Strongest Earthquake in Last Century Shakes Mexico

On Thursday night, Mexico was hit was a massive earthquake. The quake was the strongest in over 100 years, shaking Mexico City buildings and killing dozens in the southern states of Oaxaca and Chiapas. The quake was felt as far away as Guatemala City.

The earthquake brought back memories for some of the 1985 quake that hit Mexico City where thousands lost their lives, though the earliest indications are that the toll from the quake on Thursday night, which struck off the southern coast, would not reach that scale.

Media in the country said the initial death toll had reached 32, but information about other deaths and damage continued to come in.

The quake’s epicenter was located offshore close to Chiapas and hit at 11.49 p.m. ET. Its magnitude was 8.2 according to both authorities in the U.S. and Mexico. That would make it larger than the 1984 quake that registered 8.0.

Reports of destruction in the southern states of Oaxaca and Chiapas, which are largely rural and poor, sped up pace during the morning hours. In Oaxaca, 20 people were reported killed and the largest oil refinery in the country was shuttered temporarily.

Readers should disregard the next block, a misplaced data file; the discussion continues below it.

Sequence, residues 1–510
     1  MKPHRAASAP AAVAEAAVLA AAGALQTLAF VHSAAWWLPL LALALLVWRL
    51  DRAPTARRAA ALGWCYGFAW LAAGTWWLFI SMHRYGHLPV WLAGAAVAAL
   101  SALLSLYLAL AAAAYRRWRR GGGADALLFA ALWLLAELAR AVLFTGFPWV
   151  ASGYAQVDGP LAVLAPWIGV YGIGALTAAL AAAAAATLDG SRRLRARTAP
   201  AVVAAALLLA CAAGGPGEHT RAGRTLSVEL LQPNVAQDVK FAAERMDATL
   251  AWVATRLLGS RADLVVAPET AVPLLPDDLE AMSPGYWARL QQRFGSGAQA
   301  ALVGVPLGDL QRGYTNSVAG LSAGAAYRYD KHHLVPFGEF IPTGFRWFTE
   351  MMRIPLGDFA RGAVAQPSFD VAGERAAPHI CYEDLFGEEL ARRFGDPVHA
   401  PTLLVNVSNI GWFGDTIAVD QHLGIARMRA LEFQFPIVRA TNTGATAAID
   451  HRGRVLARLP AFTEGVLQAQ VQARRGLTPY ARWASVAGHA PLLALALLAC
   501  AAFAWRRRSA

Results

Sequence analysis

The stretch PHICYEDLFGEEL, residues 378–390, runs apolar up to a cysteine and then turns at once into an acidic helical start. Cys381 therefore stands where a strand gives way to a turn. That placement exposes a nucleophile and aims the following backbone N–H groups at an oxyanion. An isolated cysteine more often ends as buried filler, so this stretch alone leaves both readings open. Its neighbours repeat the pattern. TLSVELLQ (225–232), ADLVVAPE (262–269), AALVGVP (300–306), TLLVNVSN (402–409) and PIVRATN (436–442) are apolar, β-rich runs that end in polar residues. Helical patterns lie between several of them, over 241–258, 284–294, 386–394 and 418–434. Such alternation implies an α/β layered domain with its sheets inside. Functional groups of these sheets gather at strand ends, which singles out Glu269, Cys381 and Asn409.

Several homes across the area collapsed and local media published images of buildings that collapsed.

Mexico President Enrique Pena Nieto announced that there were two fatalities in the state of Tabasco. The governor of Chiapas said the state’s hospital, bridges and roads had all been damaged and that four people were killed.

The mayor of Mexico city said the country’s capital withstood the quake but fewer cars were out and about during rush hour, but public transport was running normal.

Public schools were closed due to the president warning about possible strong aftershocks with magnitudes that could reach 7.0. A number of aftershocks were already reported.

The state run oil company Pemex shut down operations of its biggest refinery on the Pacific coast west of Chiapas in Salina Cruz.

The oil company said that the shutdown was just temporary and that the facility was beginning a restarting mode soon. Mexico’s Natural Gas Association announced that the industry’s infrastructure was completely operational.

The peso was down after the quake was first reported and was off by 0.4% against the U.S. dollar at 12:00 p.m. in New York.

Large companies with operations in Mexico such as Coca Cola reported that operations were in good standing and that no structural damages had been discovered.

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